GARRARD (GARRETT), Sir William (by 1518-71), of London and Dorney, Bucks.

Published in The History of Parliament: the House of Commons 1509-1558, ed. S.T. Bindoff, 1982
Available from Boydell and Brewer




Family and Education

b. by 1518, 1st s. of John Garrard of London. m. by 1539, Isabel, da. of Julian Nethermill of Coventry, Warws., 5s. 1da. Kntd. by 29 Feb. 1556.1

Offices Held

Alderman, London 1547-d., sheriff 1552-3, mayor 1555-6, auditor 1556-8; master, Haberdashers’ Co. 1557; consul, Russia Co. 1555-6, gov. 1561-d.; assistant, Merchant Adventurers’ Co. 1564; gov. mineral and battery works 1568.2


William Garrard was born in the parish of St. Magnus the Martyr near London Bridge, the son of a London grocer. Garrard himself became a haberdasher and married the daughter of a Coventry draper, who by his will of 1539 left £6 13s.4d. to each of the Garrard children. The family was then living in Garrard’s native parish, where his goods were valued at £200 for subsidy. He later moved to St. Christopher le Stocks.3

In 1545 Garrard was one of a number of commoners appointed by the court of aldermen to devise new means for the relief of poverty, and for the next four years he served as a surveyor of the poor; he took ‘great and manifold pains’ in drawing up the constitutions of the new hospitals, was a governor of Christ’s Hospital in 1553-4, of Bridewell in 1558-9 and of St. Bartholomew’s from 1559 until his death, surveyor of all the city’s hospitals in 1566-7 and their comptroller general from 1568. Exempted from the shrievalty in 1551, he was elected sheriff the following year and mayor in 1555, probably receiving his knighthood in this capacity. He was returned by London to the last Parliament of Mary’s reign, but the ‘Mr. Garrard’ who was one of four Members deputed by the Commons on 5 Feb. 1558 to consider Walter Ralegh’s claim to privilege is more likely to have been William Gerard II, one of the Members for Chester. It was another namesake, William Garrard II, who had sat in the Parliament of March 1553 for Wootton Bassett.4

Garrard’s wide trading interests put him among the great London merchants. He was one of the Merchant Adventurers with whom in 1552 Cecil negotiated a loan of £40,000 to the crown, in 1564 he was an assistant of the Company and in the following year he and ‘others of such merchants as specially use to transport cloths over the sea’ were consulted by the Privy Council about a complaint by the London clothworkers. From the European market he moved into the newly developing ones beyond. A voyage to Barbary in 1552 was followed by several to Guinea, which in turn led him into the slave trade. He was an active promoter of John Hawkins’s second expedition of 1564, additional funds for which were raised at a meeting at his house, as well as of the disastrous voyage of 1568, which cost him and his partners nearly £21,000, including 45 negroes valued at nearly £6,000. He was by then also governor of what became known as the Russia Company: a ‘principal doer’ in promoting the first voyage of 1553, Garrard was one of the four consuls appointed in 1555 and by 1561 he was a governor. From then until his death he was, if not always the sole governor, the effective head of the Company, which was often called by his name.5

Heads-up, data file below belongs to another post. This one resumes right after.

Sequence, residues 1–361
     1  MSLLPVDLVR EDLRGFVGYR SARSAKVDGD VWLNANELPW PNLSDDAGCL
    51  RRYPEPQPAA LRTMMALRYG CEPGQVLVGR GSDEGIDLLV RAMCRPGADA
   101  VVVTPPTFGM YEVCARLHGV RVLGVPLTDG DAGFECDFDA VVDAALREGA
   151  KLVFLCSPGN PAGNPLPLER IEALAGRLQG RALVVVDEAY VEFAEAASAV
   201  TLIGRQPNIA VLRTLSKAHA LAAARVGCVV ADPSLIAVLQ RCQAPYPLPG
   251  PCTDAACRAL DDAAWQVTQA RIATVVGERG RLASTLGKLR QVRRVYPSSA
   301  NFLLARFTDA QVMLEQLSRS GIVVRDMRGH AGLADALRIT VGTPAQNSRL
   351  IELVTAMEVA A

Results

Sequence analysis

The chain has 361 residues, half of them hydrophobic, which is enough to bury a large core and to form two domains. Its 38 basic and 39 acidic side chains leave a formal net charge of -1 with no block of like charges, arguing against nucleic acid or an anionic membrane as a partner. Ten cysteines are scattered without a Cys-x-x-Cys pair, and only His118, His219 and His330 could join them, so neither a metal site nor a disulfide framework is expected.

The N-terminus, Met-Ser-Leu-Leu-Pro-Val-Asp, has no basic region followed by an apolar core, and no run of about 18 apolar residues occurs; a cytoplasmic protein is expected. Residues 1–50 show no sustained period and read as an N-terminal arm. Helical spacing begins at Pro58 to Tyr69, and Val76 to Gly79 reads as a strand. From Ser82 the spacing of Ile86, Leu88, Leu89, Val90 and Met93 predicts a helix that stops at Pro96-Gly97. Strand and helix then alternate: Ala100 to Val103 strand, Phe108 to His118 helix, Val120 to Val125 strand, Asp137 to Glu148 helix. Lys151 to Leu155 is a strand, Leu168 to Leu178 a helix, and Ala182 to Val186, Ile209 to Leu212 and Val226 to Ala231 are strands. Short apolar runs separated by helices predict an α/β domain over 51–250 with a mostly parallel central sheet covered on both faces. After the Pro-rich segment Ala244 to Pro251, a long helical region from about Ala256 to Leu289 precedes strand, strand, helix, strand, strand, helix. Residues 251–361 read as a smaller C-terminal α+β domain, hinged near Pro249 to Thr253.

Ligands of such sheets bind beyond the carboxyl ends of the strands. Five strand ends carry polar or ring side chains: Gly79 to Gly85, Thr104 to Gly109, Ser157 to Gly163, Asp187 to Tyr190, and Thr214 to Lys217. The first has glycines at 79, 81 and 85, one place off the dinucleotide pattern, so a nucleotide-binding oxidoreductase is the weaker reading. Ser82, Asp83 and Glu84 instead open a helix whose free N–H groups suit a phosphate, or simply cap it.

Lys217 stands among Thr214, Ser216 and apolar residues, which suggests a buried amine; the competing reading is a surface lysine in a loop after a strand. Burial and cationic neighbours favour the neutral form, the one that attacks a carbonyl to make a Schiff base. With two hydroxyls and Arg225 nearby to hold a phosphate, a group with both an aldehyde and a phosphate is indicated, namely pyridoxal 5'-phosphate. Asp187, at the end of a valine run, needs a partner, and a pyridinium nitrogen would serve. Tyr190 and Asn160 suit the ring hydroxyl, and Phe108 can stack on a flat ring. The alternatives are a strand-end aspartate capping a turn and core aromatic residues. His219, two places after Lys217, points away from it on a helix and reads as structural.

The yield of these enterprises is hard to assess, for although Garrard died a wealthy man, with lands in three counties, he had acquired most of these early in his career, before embarking on his more risky ventures. His grandfather had been a small landowner in Kent, and in 1545 Garrard bought the manor of Southfleet in that county from (Sir) William Petre, who was to name him an overseer of his will; he also bought back the family house, the Lion, at Sittingbourne and left it to his brother’s heir. When not in London, however, Garrard evidently preferred his manor house at Dorney, bought in 1542 and enlarged with a ‘new gallery and closet made over the porch’. By his will of 15 Apr. 1570 he left Dorney and all his lands in Buckinghamshire to his eldest son, with the reversion to Southfleet after his wife’s death. One of the overseers of the will was his son-in-law George Barne. Garrard died in London, probably at his house in St. Christopher’s parish, on 27 Sept. 1571 and was buried in St. Magnus the Martyr, the parish church of his childhood. An inventory of his goods survives.6

Ref Volumes: 1509-1558

Author: Helen Miller


  • 1. Date of birth estimated from marriage. Vis. Herts. (Harl. Soc. xxii), 144; PCC 6 Alenger; City of London RO, Guildhall, rep. 16, f. 495; jnl. 16, f. 370v.
  • 2. City of London RO, rep. 11, f. 346v; 13(2), f. 338; jnl. 16, f. 201; 17, f. 41; W. Herbert, Livery Cos. ii. 539; CPR, 1554-5, p. 57; 1563-6, pp. 178-80; T. S. Willan, Early Hist. of Russia Co. 285; Sel. Chs. of Trading Cos. (Selden Soc. xxviii), 19.
  • 3. PCC 3 Daper, 6 Alenger; E179/144/120.
  • 4. City of London RO, jnl. 15, ff. 213v, 317v, 384-4v; 16, ff. 142v, 201; rep. 13(1), f. 93v; 13(2), f. 338; 14, ff. 73, 216v, 392, 535; 15, ff. 126, 281, 379, 473v; 16, ff. 110, 401, 502v; CJ, i. 48.
  • 5. G. D. Ramsay, London in International Pol. 36, 55, 160, 225; J. W. Burgon, Sir Thomas Gresham, i. 466; CPR, 1554-5, pp. 55-59; 1563-6, pp. 178-80; APC, vii. 278; O. de Smedt, De Engelse Natie te Antwerpen, i. 213; CSP For. 1558-9, p. 217; Hakluyt, Voyages, ii. 392; iii. 14, 39, 64, 93, 109, 167, 177; vi. 138-40, 145-52, 262; T. S. Willan, Muscovy Merchants of 1555, pp. 27-28, 35 et passim; Lansd. 6, ff. 48-51; 11, ff. 47-49; Stow, Annales, 609.
  • 6. C142/159/41; PCC 3 Daper; F. G. Emmison, Tudor Sec. 70 et passim; LP Hen. VIII, xx; Arch. Cant. xlii. 38-40; VCH Bucks. iii. 223; NRA 7619, p. 35.